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Democratic Senators ask major banks to stop funding Arctic oil & gas exploration

 FILE - In this undated photo provided by the U.S. Fish and Wildlife Service, an airplane flies over caribou from the Porcupine Caribou Herd on the coastal plain of the Arctic National Wildlife Refuge in northeast Alaska. The refuge takes up an area nearly the size of South Carolina in Alaska's northeast corner. (U.S. Fish and Wildlife Service via AP)
FILE - In this undated photo provided by the U.S. Fish and Wildlife Service, an airplane flies over caribou from the Porcupine Caribou Herd on the coastal plain of the Arctic National Wildlife Refuge in northeast Alaska. The refuge takes up an area nearly the size of South Carolina in Alaska's northeast corner. (U.S. Fish and Wildlife Service via AP) (KTUU)
Published: Feb. 13, 2020 at 6:40 PM AKST
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A group of 16 Democratic Senators, including two presidential candidates, sent a letter to 11 major U.S. banks, asking them to stop financing oil and gas drilling and exploration in the Arctic National Wildlife Refuge.

The letter, dated Jan. 30, comes after Goldman Sachs

, including the Arctic National Wildlife Refuge.

The Democrats' letter, signed by presidential candidates Sen. Bernie Sanders, D-Vermont, and Sen. Amy Klobuchar, D-Minn., among others, cites "Indigenous rights, working to combat climate change, and preparing the U.S. economy to weather the growing impacts of the climate crisis," as some of the reasons to protect the Wildlife Refuge by denying financing for drilling and exploration activities.

The letter argued cited the vast number of wildlife species that live and migrate through ANWR, and the Gwich'in Nation's reliance on the Porcupine Caribou Herd, and spiritual connection to the land as important reasons for the area's protection.

The letter made no claim to specific impacts oil and gas development may have on the animals of ANWR , or to contribute to climate change, though it detailed climate changes observed in the Arctic over decades as reported in the

.

It listed nine other banks across the world that have reportedly changed policies to avoid funding oil and gas exploration in the Arctic.

"The scale of your banks' assets individually, let alone together, give you the ability to drive change in protecting the Arctic National Wildlife Refuge and in shifting towards a U.S. financial sector that effectively analyzes and plans for climate risks," the letter read. "We respectfully urge you to reassess your current environmental and climate policies and update them to include a prohibition on funding for oil and gas drilling or exploration in the Arctic National Wildlife Refuge."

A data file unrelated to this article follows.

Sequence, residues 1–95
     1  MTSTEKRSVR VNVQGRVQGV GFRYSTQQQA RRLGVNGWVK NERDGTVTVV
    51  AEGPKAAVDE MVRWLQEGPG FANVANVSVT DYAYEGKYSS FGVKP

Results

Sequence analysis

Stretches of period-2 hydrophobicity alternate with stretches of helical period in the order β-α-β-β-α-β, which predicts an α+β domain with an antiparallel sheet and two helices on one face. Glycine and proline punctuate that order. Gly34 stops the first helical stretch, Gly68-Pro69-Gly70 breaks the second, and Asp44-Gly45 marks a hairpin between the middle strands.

Alaska's Congressional Delegation responded with its own letter Tuesday, addressed to the same 11 banks, saying the Democratic Senators' arguments are "willfully ignorant of the reasonable program we enacted to guide safe production in the 1002 area, Alaska's strong environmental record, and the preferences of the Alaska Natives who actually live in ANWR."

Alaska Republicans, Rep. Don Young, and Sens. Lisa Murkowski and Dan Sullivan wrote in the letter that development in the 1002 Area of ANWR is restricted to no more than 2,000 federal acres -- one ten-thousandth of the 19.3-million acre refuge.

They wrote that while the Senators who wrote the initial letter focused on Indigenous Alaskans, the Inupiat people, many of whom support responsible development, were left out of that picture. "Nor did they share how responsible development has paid for sanitation, schools, public safety, and health care for thousands of North Slope residents."

"Reading their letter, you would have no idea that the Inupiat people exist, or that many live within ANWR in the community of Kaktovik," the Alaska Delegation's letter wrote. Just last week,

in sub-zero temperatures.

Alaska's delegation wrote that Alaska's oil production is less than one percent of global supply, and can't be blamed for driving climate change alone. "Shifting Arctic development to nations with lower environmental standards will not benefit the United States nor reduce climate change," they wrote. "It will instead weaken our economy, renew our dependence on foreign sources of energy, and make our coasts more vulnerable to oil spills as Russia develops and ships resources through the Arctic."

The 1002 Area of the Arctic National Wildlife Refuge was opened to energy development by the Trump Administration, with work by Alaska's Congressional Delegation, with the 2017 Tax Cuts and Jobs Act.

Copyright 2020 KTUU. All rights reserved.

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